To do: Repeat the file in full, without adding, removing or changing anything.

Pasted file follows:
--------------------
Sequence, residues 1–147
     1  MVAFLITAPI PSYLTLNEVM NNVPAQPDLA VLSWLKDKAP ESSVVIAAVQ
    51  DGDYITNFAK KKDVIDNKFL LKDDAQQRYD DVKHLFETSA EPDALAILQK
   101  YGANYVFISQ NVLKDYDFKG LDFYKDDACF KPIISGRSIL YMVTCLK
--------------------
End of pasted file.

Sequence, residues 1–147
     1  MVAFLITAPI PSYLTLNEVM NNVPAQPDLA VLSWLKDKAP ESSVVIAAVQ
    51  DGDYITNFAK KKDVIDNKFL LKDDAQQRYD DVKHLFETSA EPDALAILQK
   101  YGANYVFISQ NVLKDYDFKG LDFYKDDACF KPIISGRSIL YMVTCLK